This is part 2 of my Exodus Retrospectus. I would like to go deeper into the book, beyond the cultural depictions, and the questions.
The name of the book comes from two Greek words: ex meaning out, out of, and odos meaning way or road. Put together, “the road out”. In more modern English usage, exodus means mass exit of people.
It is believed that when the Patriarch Jacob and his family arrived, the Pharaohs in charge belonged to the “Hyksos”, a group of invaders who also came from Canaan and conquered Egypt. This is because in Egyptian history, multiple kings and their descendants (a dynasty) have come to power only to be replaced by another dynasty. Some of the dynasties were able to control all of Egypt while others were less powerful and controlled only certain cities. The period of the Hyksos was actually dominated by outsiders. Therefore, the Pharaoh in Genesis 47 could have been from the Hyksos and was probably much more welcoming as a foreigner himself than this new king who belonged to a native Egyptian dynasty (Exodus 1:8) from the south.
Although some experts are skeptical about the events of the Exodus, archaeologists have indeed found a house in a town called Avaris that:
1. belonged to a very high-ranking official (not the king),
2. was of Semitic origin, that is, the paint pigments used for depicting hair color was red, not black for Egyptians,
3. whose face was defaced, which was standard practice for subsequent regimes who wanted to erase (literally) the acts of the previous regime, and
4. whose bones are missing in the family sarcophagus in the house. Robbers always leave the bones behind because they lack value.
Besides Joseph (son of Jacob), no other person has matched the description of the owner of the house.
There is another major problem: Egyptologists and biblical archaeologists cannot agree when the events of the Exodus took place. Some say it happened closer to the 1500s BC and others closer to 1200 BC. The discrepancies come from how one calculates the dates and years found in the Bible, biblical archaeology, and Egyptology. Each expert has to make certain assumptions to prove their calculations. Thus, the only thing we know is that we do not know for sure when these events occurred.
Whether we find more evidence proving the Exodus did occur, or whether we finally pin down the exact dates, in the end, we still have to have faith in God. Sometimes we just have to believe first before we gain knowledge. Even the secular historians and archaeologists have to rely on hope and faith that they make the right inferences and interpretation of the evidence out there.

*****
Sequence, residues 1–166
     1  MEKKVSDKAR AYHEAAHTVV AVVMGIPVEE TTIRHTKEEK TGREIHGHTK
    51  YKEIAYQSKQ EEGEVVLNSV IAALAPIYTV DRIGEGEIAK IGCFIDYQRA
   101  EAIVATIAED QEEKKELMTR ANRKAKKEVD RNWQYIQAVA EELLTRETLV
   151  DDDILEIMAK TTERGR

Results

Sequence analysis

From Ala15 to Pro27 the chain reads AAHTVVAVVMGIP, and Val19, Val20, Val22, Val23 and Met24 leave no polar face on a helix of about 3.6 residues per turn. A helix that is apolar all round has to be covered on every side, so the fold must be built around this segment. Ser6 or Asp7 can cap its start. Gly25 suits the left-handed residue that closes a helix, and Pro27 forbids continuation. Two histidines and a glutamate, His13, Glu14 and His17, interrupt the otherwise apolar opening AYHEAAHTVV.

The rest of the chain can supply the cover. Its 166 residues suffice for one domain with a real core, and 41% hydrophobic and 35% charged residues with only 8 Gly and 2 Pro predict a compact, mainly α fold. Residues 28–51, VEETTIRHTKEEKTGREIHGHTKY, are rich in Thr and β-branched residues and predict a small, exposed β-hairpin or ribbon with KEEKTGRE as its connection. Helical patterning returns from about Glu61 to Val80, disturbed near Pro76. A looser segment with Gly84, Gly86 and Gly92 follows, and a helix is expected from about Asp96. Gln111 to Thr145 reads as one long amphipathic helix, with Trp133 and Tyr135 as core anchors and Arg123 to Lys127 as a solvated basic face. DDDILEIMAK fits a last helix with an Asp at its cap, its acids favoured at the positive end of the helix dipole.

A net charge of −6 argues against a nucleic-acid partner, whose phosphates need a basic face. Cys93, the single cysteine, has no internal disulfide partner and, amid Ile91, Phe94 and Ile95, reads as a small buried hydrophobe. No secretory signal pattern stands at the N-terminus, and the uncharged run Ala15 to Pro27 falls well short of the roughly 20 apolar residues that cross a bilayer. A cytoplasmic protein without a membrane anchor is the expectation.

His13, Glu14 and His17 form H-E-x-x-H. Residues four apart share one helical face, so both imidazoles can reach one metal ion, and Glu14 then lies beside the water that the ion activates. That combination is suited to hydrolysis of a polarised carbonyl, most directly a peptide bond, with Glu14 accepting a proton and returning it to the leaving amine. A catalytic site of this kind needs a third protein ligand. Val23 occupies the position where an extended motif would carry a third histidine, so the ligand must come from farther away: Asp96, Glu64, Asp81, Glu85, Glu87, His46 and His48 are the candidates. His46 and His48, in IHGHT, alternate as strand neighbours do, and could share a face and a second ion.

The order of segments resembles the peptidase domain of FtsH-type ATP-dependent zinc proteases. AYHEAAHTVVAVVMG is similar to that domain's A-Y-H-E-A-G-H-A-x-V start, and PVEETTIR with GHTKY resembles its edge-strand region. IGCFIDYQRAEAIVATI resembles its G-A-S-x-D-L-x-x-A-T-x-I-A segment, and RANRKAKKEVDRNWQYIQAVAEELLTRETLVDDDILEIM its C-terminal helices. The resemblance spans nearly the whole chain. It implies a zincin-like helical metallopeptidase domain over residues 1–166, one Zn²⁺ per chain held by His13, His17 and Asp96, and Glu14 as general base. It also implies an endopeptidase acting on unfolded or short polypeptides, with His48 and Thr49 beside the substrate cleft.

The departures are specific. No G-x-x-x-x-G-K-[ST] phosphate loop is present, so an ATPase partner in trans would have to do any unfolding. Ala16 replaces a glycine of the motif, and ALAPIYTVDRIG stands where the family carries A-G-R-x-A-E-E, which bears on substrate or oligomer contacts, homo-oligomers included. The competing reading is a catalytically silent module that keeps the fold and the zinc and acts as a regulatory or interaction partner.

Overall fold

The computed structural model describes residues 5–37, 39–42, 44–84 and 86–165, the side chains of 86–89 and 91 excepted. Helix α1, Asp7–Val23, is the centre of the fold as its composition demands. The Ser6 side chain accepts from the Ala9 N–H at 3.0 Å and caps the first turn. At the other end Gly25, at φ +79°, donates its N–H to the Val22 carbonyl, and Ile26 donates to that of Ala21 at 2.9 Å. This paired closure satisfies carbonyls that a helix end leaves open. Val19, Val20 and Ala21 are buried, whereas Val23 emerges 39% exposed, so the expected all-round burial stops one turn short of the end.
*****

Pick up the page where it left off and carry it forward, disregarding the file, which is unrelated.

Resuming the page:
Thus, the story is all about God, not Moses. Moses is just the primary agent. As the new Pharaoh from the new dynasty began the genocidal policies against the Israelites, two midwives named Shiphrah and Puah resisted. Whether they lied or actively helped Hebrew families, God steps in and honors them by giving them families of their own.
What does this tell me about God?
- God keeps his promises. He has not forgotten about his people even when they are in captivity. Abraham, Isaac, Jacob, and Joseph are long dead but God is alive and working.
- God honors those who do good. He is always watching and he values life.
- “Choose life, that you might live.”
- God does not delight in the death of the wicked but desires all men to come to repentance.
- You cannot be a professing Christian and vote for those who approve of abortion. It’s not about pro-choice. It’s not about women’s rights. It’s not about Democrats versus Republicans. God is not a Democrat, or a Republican, a Libertarian, a Socialist, and certainly not a Communist. It’s about true life.
- God is very much involved in our lives. He sees our suffering as well as our sins. That’s a scary thought – that even when we are at our worst, God still loves us. That’s grace.
A lot of people do not associate “grace” with the Old Testament. People tend to associate grace and love with Jesus and the New Testament but that is missing half the Bible. Time and time again, God shows his grace in the story of Exodus. Grace permeates the book of Exodus as much as the book of Romans.